Somehow the festival managed to find enough pieces for the same selection of performers to fill the first half. The saxophone quartet enjoyed themselves in Jonathan Dove’s typically buoyant, now-it’s-minimalist, now-it-isn’t, Tun-ing In, and followed on with the Suite sur des thèmes populaires roumains by Jean Absil, an ideal curtain-raiser for the Françaix. The Vasari Singers, sounding 90% confident, then tackled Massenet’s little-known Chansons des bois d’Amaranthe – pleasurable and who could have guessed the composer? – and four of Poulenc’s more familiar Chansons françaises.
The Hampstead & Highgate Festival continues until 25 May.
Operas come in all shapes and forms, but the French composer Jean Fran-çaix dreamt up one of the most unusual concoctions of all. His 1954 1-act opera-bouffe “Paris, à nous deux!” is written with an accompaniment of saxophone quartet and in addition to three soloists and chorus calls for a child prodigy pianist/singer. In a new English translation by John Sidgwick, “London, Here I Come!”, as it was renamed, received its UK premiere in a concert performance at the Highgate United Reformed Church as one of the highlights of the fourth Hampstead and Highgate Festival.
Given the original’s target of snobbery in the arts, the updating and resetting from Fifties Paris to contemporary London made good sense and there were ample digs at the likes of Jeffrey Archer, empty rooms with lights going on and off and “our dear Tracey” and her unmade bed. Dave, a beer-bellied Essex Man, is encouraged to make his way in London by his mentor Boris, but only the fine arts seem to offer the openings for a man with no talents at all. Three excellent soloists, Gillian Keith (Charlotte, a society hostess), Thomas Guthrie (Boris) and Huw Rhys-Evans (Dave), clearly enjoyed themselves with the scurrilous good humour present in both the words and Françaix’s music. The Vasari Singers were on their best form as a chorus taking many roles and 13-year-old Menuhin School pupil So-Yeong Kim was the spitting image of a child prodigy in her solo spot of two piano interludes and a song to her own accompaniment.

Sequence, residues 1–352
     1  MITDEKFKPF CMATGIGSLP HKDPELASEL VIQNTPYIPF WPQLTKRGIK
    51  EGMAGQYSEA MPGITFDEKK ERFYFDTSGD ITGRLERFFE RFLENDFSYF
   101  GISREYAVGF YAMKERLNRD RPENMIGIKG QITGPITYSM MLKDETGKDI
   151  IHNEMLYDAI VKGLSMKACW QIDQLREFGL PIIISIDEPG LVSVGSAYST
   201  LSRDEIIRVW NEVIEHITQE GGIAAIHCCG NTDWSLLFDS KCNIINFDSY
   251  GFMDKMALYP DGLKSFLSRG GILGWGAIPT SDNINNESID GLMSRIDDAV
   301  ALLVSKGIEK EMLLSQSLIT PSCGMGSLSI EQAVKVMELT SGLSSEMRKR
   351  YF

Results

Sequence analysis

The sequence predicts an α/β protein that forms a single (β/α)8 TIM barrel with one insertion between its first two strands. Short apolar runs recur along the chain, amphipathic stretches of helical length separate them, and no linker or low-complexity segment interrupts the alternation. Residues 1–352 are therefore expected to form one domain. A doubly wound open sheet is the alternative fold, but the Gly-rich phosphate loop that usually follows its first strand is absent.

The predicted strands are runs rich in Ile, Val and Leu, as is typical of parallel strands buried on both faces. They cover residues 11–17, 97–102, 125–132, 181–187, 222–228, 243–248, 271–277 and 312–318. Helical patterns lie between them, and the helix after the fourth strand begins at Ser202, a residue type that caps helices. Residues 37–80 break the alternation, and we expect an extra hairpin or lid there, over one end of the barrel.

Conductor Jeremy Backhouse drove the music along at a brisk pace, with the New Millennium Saxophone Quartet providing characterful accom-paniment, memorably so in Francaix’s spoof of an avant-garde composition.
There’s no denying the work is little more than a piece of French froth and Francaix creates his own balancing problems by using such a demon-strative instrumental group as four saxophones, which can easily hide the words of a whole chorus. But it was all good harmless fun.